β-Hemolytic Streptococcus (BHS) species are important pathogens with both human and veterinary significance. In human medicine, BHS are considered universally susceptible to β-lactams while BHS of veterinary origin have been reported with up to 8% β-lactam resistance. Recently, veterinary diagnostic laboratories were made aware of significant variability of test method performance for BHS among laboratories. This article explores potential sources of error in antimicrobial susceptibility test performance and result interpretation that may have contributed to the unusual rates of resistance to β-lactams observed in this bacterial species. In addition, potential impacts to research, clinical practice, surveillance, and public health will be discussed.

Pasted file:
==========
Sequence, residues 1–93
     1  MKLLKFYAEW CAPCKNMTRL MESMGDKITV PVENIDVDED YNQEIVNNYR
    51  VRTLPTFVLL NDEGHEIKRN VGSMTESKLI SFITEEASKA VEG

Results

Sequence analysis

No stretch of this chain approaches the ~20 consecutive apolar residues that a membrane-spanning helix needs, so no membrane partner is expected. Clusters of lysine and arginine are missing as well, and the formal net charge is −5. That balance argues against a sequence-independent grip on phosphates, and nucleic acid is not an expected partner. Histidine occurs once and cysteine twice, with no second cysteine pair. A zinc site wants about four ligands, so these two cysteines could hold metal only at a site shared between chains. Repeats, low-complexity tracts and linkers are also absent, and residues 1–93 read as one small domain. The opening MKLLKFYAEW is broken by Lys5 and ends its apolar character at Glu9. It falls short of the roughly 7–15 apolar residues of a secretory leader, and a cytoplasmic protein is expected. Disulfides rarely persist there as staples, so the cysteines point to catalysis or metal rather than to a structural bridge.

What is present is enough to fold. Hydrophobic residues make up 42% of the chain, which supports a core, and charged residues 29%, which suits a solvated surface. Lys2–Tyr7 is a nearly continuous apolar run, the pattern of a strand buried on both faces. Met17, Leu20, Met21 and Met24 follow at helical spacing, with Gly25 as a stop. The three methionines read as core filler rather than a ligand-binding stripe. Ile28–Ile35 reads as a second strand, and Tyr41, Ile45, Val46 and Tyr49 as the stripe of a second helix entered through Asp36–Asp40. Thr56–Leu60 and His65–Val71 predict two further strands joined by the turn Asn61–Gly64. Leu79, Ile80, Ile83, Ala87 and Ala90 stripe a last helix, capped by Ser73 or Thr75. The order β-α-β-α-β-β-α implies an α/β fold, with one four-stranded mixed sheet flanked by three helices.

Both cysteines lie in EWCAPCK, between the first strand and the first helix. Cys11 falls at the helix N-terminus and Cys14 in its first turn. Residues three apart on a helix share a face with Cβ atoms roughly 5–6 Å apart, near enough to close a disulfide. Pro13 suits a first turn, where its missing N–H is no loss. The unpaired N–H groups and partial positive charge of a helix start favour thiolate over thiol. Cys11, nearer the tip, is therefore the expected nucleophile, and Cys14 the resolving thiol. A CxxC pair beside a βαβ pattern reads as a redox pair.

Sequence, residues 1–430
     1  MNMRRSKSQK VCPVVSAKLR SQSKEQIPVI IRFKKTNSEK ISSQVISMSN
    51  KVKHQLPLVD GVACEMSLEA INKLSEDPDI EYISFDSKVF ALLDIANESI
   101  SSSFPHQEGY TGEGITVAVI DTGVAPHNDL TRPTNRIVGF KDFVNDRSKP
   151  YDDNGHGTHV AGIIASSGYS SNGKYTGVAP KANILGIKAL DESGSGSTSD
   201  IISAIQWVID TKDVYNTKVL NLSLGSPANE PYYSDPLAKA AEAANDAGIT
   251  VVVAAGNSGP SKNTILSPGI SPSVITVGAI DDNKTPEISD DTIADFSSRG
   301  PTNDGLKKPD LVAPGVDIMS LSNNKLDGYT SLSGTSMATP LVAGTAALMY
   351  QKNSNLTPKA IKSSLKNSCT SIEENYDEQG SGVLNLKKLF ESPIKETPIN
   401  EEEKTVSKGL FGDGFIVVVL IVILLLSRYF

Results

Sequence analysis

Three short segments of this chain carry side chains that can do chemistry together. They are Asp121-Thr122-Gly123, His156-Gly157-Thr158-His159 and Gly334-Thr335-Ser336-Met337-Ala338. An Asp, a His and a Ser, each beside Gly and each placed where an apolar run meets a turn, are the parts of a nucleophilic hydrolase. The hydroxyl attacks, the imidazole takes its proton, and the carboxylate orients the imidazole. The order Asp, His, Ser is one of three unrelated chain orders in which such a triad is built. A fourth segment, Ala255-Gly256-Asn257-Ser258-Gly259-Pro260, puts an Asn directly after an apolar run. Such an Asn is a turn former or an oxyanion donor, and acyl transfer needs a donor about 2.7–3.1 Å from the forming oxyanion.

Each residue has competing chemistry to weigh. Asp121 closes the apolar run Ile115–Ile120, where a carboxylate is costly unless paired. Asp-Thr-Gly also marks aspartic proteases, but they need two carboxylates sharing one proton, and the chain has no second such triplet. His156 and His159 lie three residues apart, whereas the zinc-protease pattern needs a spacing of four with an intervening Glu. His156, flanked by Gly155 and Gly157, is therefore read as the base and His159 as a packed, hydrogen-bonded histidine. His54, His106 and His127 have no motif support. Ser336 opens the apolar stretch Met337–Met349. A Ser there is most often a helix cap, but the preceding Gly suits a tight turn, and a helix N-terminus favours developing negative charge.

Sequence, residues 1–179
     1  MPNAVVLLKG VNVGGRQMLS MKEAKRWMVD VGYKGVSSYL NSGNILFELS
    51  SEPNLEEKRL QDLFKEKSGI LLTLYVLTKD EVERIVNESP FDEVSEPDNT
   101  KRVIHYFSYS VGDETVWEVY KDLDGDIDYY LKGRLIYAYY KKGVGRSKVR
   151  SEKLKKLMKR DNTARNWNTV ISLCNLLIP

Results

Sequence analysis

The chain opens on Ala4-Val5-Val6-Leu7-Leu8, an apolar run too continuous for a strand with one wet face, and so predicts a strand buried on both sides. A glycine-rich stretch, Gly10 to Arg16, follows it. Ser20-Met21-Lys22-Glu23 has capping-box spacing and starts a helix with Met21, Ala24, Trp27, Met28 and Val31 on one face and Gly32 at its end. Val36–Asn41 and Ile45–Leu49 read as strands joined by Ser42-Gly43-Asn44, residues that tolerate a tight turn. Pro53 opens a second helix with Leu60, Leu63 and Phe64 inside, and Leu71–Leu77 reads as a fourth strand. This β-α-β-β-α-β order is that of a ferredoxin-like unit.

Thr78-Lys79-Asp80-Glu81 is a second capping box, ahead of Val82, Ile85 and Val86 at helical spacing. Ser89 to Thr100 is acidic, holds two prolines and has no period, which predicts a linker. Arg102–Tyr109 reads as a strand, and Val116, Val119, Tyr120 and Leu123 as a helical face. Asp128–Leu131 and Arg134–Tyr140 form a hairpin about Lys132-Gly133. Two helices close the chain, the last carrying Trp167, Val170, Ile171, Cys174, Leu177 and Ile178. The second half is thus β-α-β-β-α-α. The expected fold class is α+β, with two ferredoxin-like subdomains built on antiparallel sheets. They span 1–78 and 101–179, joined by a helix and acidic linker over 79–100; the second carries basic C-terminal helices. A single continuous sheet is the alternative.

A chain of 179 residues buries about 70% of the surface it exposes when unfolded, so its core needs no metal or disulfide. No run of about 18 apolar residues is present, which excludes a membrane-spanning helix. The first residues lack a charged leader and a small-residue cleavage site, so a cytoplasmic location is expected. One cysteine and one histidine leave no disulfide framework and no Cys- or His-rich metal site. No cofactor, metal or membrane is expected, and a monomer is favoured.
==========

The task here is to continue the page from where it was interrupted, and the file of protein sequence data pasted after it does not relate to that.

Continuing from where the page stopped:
Antibiograms are important tools for antimicrobial stewardship that are often underutilized in veterinary medicine. Antibiograms summarize cumulative antimicrobial susceptibility testing (AST) data for specific pathogens over a defined time period; in veterinary medicine, they are often stratified by host species and site of infection. They can aid practitioners with empiric therapy choices and assessment of antimicrobial resistance trends within a population in support of one-health goals for antimicrobial stewardship. For optimal application, consideration must be given to the number of isolates used, the timeframe of sample collection, laboratory analytical methodology, and the patient population contributing to the data (eg, treatment history, geographic region, and production type). There are several limitations to veterinary antibiograms, including a lack of breakpoint availability for bacterial species, a lack of standardization of laboratory methodology and technology for culture and AST, and a lack of funding to staff veterinary diagnostic laboratories at a level that supports antibiogram development and education. It is vital that veterinarians who use antibiograms understand how to apply them in practice and receive relevant information pertaining to the data to utilize the most appropriate antibiogram for their patients. This paper explores the benefits and challenges of developing and using veterinary antibiograms and proposes strategies to enhance their applicability and accuracy. Further detail regarding the application of veterinary antibiograms by privately practicing clinicians is addressed in the companion Currents in One Health article by Lorenz et al (JAVMA, September 2023).